The Bolivian president, Evo Morales, was not bluffing when he said that ‘capitalism is humanity’s worst enemy’. On May 1, he launched a large scale nationalisation scheme on the countries energy resources (gas and oil) which were being exploited by foreign multinationals. The Brazilian Petrobras, the Spanish Repsol YPF, the British BP and the French TotalFina were a few of those hit by the new measures.
The great loser of the situation though is the Bolivian National Company, Yacimientos Petroliferos Fiscales Bolivianos, YPFB, in charge of selling oil inside and outside Chile. Today, its task is to renegotiate the juicy contracts established with foreign companies.
Facing a difficult situation, the Energy minister, Andres Soliz, a figurehead of Bolivian nationalism and close friend of the president, announced his resignation. Accusations of corruption and incompetence fused as he left government.
After long negotiations, Petrobras complied with the Bolivian requirements though it criticized their strictness. The Brazilian energy king will pay more than 80% profits to the YPFB. On October 28, eight multinationals finally overcame their hesitations and accepted to transfer 82% of their profits to the National Bolivian Company. Now their margin on the total turnover will only reach 18%. And not a Boliviano more.
Companies and European governments long tried to find a way out of the deadlock posed by the new nationalisation scheme. Without success. On January 2006, Spain announced that it would cancel the 120 million Bolivian debt for educational projects. Later, the EU head of foreign affairs, Javier Solana, promised to support Evo Morales economically if he protected foreign investments in Bolivia. The director of the Spanish company Repsol, Julio Gavito, resigned following accusations that he was involved in contraband. Finally, the Swiss group Zurich Financial Services and the Spanish Bank BBVA had to give up their shares in oil companies to the YPFB.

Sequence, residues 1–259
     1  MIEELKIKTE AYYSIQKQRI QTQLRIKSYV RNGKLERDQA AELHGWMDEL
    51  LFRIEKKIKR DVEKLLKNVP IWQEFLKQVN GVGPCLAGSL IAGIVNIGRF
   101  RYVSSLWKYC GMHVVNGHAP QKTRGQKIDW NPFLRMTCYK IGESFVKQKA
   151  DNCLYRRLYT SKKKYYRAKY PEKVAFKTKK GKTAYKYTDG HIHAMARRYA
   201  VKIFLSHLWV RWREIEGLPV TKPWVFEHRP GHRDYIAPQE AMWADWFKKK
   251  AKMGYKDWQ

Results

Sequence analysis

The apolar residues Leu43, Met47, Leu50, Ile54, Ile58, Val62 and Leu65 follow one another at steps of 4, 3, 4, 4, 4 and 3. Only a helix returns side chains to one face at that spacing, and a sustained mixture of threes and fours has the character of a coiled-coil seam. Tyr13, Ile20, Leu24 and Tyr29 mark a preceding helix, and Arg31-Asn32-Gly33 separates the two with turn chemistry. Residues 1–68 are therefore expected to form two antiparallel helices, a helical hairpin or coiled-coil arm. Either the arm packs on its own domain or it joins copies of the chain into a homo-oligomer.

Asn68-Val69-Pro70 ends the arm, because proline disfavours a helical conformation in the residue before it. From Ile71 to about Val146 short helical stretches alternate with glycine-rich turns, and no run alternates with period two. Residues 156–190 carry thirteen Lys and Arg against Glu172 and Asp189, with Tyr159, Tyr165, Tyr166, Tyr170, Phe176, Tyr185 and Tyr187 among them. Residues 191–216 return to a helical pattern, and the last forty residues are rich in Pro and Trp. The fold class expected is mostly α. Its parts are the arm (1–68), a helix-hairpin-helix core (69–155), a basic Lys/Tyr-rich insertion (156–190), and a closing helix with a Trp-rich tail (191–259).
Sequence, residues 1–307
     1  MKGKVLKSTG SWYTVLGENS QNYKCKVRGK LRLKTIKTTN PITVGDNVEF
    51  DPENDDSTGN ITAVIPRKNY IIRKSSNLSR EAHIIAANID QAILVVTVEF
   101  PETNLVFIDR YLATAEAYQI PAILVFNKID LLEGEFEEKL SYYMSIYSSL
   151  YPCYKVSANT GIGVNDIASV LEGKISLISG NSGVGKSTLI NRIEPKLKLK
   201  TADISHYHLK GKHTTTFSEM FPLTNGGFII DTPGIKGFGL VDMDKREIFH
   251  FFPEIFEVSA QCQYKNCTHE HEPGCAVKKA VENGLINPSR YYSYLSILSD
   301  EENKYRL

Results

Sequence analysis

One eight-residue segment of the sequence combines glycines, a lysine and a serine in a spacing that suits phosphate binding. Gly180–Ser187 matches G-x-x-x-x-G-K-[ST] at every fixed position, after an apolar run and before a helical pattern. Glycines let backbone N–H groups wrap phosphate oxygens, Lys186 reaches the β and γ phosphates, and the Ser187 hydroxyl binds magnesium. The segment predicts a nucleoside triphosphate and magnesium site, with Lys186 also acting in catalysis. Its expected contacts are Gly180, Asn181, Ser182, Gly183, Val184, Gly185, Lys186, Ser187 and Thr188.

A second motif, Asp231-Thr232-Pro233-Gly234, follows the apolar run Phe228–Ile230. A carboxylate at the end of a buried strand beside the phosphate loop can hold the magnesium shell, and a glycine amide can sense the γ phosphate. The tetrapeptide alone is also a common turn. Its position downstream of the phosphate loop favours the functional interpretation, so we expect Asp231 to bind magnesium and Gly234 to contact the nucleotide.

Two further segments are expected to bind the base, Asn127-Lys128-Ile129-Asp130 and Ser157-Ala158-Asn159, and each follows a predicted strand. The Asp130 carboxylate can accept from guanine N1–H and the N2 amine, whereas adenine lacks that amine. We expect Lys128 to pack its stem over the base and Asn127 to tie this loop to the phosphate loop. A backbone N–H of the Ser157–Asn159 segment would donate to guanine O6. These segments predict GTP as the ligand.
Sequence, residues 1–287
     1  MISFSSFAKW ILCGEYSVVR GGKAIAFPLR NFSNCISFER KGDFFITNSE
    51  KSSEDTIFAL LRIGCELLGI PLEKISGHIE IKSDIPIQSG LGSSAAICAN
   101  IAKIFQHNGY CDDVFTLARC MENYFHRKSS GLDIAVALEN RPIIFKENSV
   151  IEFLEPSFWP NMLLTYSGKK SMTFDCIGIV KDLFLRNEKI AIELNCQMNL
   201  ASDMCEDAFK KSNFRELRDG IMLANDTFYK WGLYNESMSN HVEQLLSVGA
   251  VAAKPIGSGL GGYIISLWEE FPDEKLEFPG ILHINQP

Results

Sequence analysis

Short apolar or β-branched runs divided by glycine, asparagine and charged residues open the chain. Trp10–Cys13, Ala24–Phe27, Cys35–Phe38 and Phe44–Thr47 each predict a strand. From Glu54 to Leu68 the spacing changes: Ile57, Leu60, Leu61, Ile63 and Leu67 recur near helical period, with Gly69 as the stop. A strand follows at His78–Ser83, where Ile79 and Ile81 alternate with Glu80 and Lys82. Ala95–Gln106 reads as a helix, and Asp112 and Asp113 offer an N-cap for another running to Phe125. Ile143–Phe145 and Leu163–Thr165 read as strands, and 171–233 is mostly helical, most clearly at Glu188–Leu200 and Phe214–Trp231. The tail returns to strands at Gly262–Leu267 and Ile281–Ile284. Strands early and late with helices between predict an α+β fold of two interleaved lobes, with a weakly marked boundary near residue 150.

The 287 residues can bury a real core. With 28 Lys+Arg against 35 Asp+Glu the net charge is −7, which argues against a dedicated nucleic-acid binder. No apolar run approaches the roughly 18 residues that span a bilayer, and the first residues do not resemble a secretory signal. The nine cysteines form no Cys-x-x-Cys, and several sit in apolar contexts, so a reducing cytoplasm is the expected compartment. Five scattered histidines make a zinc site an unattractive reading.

Consumers face rising prices
If the nationalisation of the energy sector has pushed prices up for foreign investors, it has not improved living conditions for Bolivians. Last August, the Bolivian government admitted that YPFB lacked the capacities to manage the nationalisations, the production and the sale of resources. At present it is impossible to lower costs while maintaining a high quality production. So it is probable that the rise of petrol prices will hit the economy hard and Bolivian households may be the first to pay the price.
On the other hand, if European and Brazilian multinationals had left the country, the Bolivians would have had to support the costs of market withdrawal, in other words, the costs of the delocalisation of production, the search of new resources and the loss of foreign investments. For the energy heavyweights, the rise of costs would have hit consumers hard. And the first victims would have been the Europeans.